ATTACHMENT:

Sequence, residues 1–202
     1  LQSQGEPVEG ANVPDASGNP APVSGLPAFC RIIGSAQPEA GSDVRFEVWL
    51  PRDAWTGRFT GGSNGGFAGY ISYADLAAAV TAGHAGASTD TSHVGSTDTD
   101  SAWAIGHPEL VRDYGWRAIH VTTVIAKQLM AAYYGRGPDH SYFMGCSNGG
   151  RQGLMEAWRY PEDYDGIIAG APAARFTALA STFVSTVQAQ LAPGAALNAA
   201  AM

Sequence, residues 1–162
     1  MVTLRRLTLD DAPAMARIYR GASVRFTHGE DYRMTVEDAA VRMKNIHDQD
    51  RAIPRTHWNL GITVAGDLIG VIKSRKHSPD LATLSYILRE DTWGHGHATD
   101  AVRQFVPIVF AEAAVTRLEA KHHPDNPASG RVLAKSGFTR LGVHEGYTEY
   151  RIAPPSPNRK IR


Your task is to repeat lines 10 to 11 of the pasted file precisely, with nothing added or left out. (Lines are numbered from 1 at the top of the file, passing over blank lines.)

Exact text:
   101  AVRQFVPIVF AEAAVTRLEA KHHPDNPASG RVLAKSGFTR LGVHEGYTEY
   151  RIAPPSPNRK IR